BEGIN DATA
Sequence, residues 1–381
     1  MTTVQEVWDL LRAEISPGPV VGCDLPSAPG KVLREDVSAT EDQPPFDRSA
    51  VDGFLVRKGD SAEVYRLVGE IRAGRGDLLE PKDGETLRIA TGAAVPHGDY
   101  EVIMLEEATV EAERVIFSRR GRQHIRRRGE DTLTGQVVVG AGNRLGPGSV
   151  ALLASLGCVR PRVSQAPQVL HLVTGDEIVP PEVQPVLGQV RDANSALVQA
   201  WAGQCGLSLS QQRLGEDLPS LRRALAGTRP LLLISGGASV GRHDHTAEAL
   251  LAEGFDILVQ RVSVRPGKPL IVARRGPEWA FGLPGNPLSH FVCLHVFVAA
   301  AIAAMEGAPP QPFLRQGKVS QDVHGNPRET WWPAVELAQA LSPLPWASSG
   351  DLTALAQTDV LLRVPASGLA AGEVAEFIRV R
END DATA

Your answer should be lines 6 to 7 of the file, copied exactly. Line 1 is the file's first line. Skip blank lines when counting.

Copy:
   201  WAGQCGLSLS QQRLGEDLPS LRRALAGTRP LLLISGGASV GRHDHTAEAL
   251  LAEGFDILVQ RVSVRPGKPL IVARRGPEWA FGLPGNPLSH FVCLHVFVAA